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US Cuts Military Training Prog For Pakistan

 Agencies |  2018-08-11 15:59:11.0  0  Comments

US Cuts Military Training Prog For Pakistan

Washington: US military institutions are struggling to fill the 66 slots they had kept aside for officers from Pakistan for the next academic year, as the Trump administration refused to provide funds for their training, official sources said.

According to a report in the Dawn, the fund for training Pakistani officers came from the US government's International Military Education and Training Programme (IMET) but no funds were made available for Pakistan for the next academic year.
Dawn first learned about the suspension from the US National Defence University (NDU), Washington, which has had reserved seats for Pakistani officers for more than a decade now. The outgoing Pakistani officers, however, were told that the university has been asked to fill the positions for the next year with officers from other nations.
The NDU is one of several US military institutions that train officers from Pakistan. The Trump administration announced early this year that it was suspending security assistance to Pakistan over differences on Afghanistan but indicated that training programmes for military officers will continue.
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The cancellation of slots kept aside for Pakistani officers, however, shows that the suspension now also applies to training programmes.
American officials are worried the Trump administration's decision could undermine a key trust-building measure
The United States had severed security ties with Pakistan in early 1990s as well over the country's nuclear programme but US officials later acknowledged that it was a mistake. They argued that the severance created a situation which allowed the Taliban, Al Qaeda and other terrorist groups to develop roots in Pakistan.
Pakistani officers have been receiving military training and education in the United States since early 1960s, which were suspended in the 1990s but restored after the Sept 11, 2001 terrorist attacks.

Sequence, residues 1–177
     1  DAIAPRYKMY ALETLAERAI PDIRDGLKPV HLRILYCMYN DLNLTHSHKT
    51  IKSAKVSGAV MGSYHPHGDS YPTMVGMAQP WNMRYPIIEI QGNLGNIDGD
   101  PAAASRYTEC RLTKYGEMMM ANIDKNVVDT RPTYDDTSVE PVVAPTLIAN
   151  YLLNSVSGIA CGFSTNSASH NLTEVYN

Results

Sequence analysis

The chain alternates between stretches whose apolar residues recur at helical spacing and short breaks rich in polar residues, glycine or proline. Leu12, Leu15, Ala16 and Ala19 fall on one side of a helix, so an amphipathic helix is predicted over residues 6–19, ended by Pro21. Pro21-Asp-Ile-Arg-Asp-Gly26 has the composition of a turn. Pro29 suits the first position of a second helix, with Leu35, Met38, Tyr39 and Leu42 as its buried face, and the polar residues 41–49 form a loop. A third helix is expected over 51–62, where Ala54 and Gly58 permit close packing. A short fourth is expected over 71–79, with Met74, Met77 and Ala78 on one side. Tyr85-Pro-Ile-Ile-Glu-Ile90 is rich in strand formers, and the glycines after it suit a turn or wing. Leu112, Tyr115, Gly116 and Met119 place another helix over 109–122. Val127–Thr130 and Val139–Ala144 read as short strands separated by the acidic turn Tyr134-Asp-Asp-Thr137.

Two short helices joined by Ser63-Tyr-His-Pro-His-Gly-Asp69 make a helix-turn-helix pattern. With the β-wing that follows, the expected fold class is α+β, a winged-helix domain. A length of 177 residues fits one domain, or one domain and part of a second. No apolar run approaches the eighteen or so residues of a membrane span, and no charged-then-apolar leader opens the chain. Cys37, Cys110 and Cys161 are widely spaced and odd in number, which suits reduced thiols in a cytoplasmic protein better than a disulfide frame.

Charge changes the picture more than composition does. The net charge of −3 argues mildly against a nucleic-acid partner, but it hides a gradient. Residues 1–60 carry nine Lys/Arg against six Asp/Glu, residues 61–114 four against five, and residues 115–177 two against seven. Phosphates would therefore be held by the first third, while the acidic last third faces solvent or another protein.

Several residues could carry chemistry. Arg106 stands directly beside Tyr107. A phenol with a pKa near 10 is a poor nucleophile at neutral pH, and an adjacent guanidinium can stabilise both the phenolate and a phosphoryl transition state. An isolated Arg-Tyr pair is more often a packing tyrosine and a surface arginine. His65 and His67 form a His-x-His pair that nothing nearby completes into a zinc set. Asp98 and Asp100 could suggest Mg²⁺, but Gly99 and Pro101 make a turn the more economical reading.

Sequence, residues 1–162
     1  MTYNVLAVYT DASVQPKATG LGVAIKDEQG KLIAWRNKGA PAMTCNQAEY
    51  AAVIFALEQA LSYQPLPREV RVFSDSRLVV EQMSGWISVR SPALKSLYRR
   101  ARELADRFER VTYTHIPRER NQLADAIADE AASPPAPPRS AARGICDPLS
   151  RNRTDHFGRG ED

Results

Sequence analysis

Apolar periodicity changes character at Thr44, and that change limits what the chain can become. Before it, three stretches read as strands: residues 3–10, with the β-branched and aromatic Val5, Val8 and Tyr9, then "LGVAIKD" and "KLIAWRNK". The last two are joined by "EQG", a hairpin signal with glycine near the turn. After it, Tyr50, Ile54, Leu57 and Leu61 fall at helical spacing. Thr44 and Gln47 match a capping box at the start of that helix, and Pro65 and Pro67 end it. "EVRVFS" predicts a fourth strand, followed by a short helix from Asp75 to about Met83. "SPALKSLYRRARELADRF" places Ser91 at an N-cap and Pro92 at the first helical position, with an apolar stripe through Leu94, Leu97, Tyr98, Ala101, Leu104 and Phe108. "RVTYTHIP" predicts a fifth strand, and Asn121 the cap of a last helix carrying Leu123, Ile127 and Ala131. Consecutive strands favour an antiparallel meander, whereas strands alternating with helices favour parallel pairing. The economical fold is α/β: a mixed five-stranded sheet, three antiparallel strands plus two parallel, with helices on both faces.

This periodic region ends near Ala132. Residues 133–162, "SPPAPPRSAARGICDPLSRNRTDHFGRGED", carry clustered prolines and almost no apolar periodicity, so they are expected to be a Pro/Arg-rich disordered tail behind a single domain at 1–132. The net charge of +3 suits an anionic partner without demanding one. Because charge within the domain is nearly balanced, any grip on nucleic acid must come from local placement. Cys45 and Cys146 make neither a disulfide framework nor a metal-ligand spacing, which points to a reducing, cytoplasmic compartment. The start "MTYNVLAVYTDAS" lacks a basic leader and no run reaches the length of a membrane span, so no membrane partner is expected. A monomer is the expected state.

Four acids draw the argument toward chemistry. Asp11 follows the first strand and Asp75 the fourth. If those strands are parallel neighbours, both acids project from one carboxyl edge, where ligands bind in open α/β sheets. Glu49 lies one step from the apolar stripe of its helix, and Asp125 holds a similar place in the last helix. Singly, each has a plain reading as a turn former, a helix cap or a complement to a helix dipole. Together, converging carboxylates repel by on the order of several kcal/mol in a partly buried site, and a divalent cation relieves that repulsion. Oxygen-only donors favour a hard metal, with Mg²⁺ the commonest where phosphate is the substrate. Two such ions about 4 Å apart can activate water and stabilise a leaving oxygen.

The decision to suspend military training for Pakistani officers was also reported by an international news agency, Reuters, which observed that both the US and Pakistani officials were criticising the move, privately. "US officials said they were worried the decision could undermine a key trust-building measure. Pakistani officials warned it could push their military to further look to China or Russia for leadership training," the report added.
Dan Feldman, a former US special representative for Afghanistan and Pakistan, called the move "very short-sighted and myopic".
"This will have lasting negative impacts limiting the bilateral relationship well into the future," Mr Feldman told.
A State Department spokesperson told journalists in Washington that the IMET cancellations were valued at $2.41 million so far. At least two other programmes have also been affected, the spokesperson said.
Previously, it was not just Pakistan that valued the training and education its officers received in the US. US military institutions also proudly owned training officers who assumed senior positions after returning home, such as the former army chief, Gen Ashfaq Parvez Kayani, and Lt Gen Naveed Mukhtar, the current director general of the Inter-Services Intelligence.
"This is an unfortunate and ultimately counterproductive decision. There are certainly ways to send a strong message to Pakistan, but this isn't the way to do it," Michael Kugelman, an expert of Pakistan affairs at a Washington think tank, the Wilson Center, told Dawn. "This move could squander what little goodwill and trust remains in the military-to-military relationship, and it reduces the likelihood that Pakistan will act in the ways that Washington would like it to act."
Mr Kugelman noted that there was a long history of educational and training cooperation between the US and Pakistani militaries, and this cooperation had withstood the pressures and tensions of the relationship. "The fact that these educational exchanges have suffered this blow now suggests that the relationship could be entering into a new phase where even the supposedly safe and protected dimensions of the relationship can become casualties of wider tensions and ill will," he said. UNI

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